Pieter Schoubroeck - The Israelites rescued from the drunken Elephants of King Ptolemy IV Philopator
The Israelites rescued from the drunken Elephants of King Ptolemy IV Philopator
Oil on copper. 64 x 83 cm.
This landscape by Pieter Schoubroeck, which has been housed in a west German private collection for the past several decades, is highly unusual due to its large format, multitude of figures, and unusual iconography. The panoramic landscape is enlivened by a large crowd occupying the entire foreground of the work. We see a dramatic scene taking place: Men are being herded together and bound by soldiers, men and woman can be seen praying, some look to heaven in desperation, others beg for mercy from their captors. The way in which individual parts of the scene are illuminated as if under spotlights adds to its dramatic effect.
The iconography cannot be securely identified solely by looking at the events in the foreground, but when we look carefully at the background we see a horde of elephants between the soldiers. These animals allow us to identify the scene as the Old Testament story, which is rarely depicted in art, of King Ptolemy IV Philopator's failed attempt to have the Jewish people trampled by a horde of drunken elephants, as related in the third book of Maccabees.
When King Ptolemy IV was denied entry into the Temple in Jerusalem, he decided to have all the Jews killed, but his plan was thwarted several times by godly intervention. Angered by this, he developed a new and more perfidious scheme, namely to order his soldiers to make his herd of war elephants drunk on wine and incense and then drive them to trample the assembled Jews. However, just when the situation appeared hopeless, two angels were sent to intervene, ensuring that the elephants instead turned upon the soldiers. The king thereupon abandoned his plan and instead presented the Jews with luxurious gifts.
It is interesting to note that this unusual biblical story was also depicted by the Flemish artist Gillis van Valckenborch, who can be brought into connection with Pieter Schoubroeck (cf. illus. 1; Paris, Musée du Louvre, and Braunschweig, Herzog-Anton-Ulrich-Museum).1 As in the present work, Valckenborch's composition also lets the viewer's gaze meander through a mass of figures in the foreground before being led into the background of the work to where its motif is clarified. It is surely no coincidence that the two Flemish artists, who must have known each other, both decided to paint this motif whilst in exile in Germany. What remains to be ascertained is how the two artists' compositions relate to one another.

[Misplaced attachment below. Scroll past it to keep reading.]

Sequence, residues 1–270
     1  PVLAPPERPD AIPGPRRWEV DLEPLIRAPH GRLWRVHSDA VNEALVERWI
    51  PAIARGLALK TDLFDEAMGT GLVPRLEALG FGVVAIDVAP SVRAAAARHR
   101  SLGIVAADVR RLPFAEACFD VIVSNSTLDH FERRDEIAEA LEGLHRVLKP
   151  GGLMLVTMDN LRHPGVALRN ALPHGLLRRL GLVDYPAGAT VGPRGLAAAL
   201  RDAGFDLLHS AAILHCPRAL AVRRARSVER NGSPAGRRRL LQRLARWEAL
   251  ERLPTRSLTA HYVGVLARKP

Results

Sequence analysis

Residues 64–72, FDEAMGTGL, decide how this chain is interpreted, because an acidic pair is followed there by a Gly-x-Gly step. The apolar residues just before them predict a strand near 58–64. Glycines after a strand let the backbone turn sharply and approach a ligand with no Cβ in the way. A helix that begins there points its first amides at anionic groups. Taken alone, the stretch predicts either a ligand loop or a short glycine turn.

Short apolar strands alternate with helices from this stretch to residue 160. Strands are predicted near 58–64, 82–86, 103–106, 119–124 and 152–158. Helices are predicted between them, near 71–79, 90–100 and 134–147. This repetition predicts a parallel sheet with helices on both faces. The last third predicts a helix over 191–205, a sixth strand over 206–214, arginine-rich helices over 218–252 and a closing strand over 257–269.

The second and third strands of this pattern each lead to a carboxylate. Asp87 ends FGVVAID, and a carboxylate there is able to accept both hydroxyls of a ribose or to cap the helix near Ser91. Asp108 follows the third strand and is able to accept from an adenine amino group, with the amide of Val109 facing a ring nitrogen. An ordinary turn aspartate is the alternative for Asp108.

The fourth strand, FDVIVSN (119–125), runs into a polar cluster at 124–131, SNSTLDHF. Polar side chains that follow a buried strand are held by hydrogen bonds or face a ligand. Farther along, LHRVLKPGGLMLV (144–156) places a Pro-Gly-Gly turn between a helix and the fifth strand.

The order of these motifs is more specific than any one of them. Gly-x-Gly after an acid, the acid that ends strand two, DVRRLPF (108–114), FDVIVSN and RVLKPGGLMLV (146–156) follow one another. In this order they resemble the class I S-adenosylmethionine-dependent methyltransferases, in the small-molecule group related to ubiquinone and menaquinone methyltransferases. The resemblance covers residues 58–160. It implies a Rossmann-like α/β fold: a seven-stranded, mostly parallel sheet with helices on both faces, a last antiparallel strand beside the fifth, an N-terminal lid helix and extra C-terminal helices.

This landscape combines two of Pieter Schoubroeck's artistic penchants: Firstly, densely populated landscapes, as seen in his Battle of the Amazons (Dresden, Staatliche Kunstsammlungen) and secondly, fantasy landscapes with unusual colour palettes and light effects, as we see in his many depictions of the burning city of Troy. Thus it is easy to imagine how a story like the attack of King Ptolemy's drunken elephants was appealing to this landscape painter.
1) Although the iconography of Gillis van Valckenborch's work was identified relatively recently, it has since come into question again, not least due to the fact that Valkenborch was a Lutheran, and the Lutheran Bible does not include the third book of Maccabees. Schoubroeck, however, was a Calvinist, and thus would have been more likely to know this biblical tale. The present work by Schoubroeck proves, however, that Valckenborch's paintings depict the story of King Ptolemy IV Philopator and not the Defeat of Sanherib, as has been suggested. For more information on the rejection of the iconography in Valckenborch's paintings, cf.: Alexander Wied: Frederik and Gillis van Valckenborch. Zwei Italo-Flamen im deutschen Exil. Vienna 2016, p. 154-160.
Abb. 1/Ill. 1: Gillis van Valckenborch, Die Errettung der Juden vor den trunkenen Elefanten König Ptolemaios´ IV. Philopator / The Israelites rescued from the drunken Elephants of King Ptolemy IV Philopator, Paris, Musée du Louvre © bpk / RMN - Grand Palais / Franck Raux
In a West German private collection for several decades.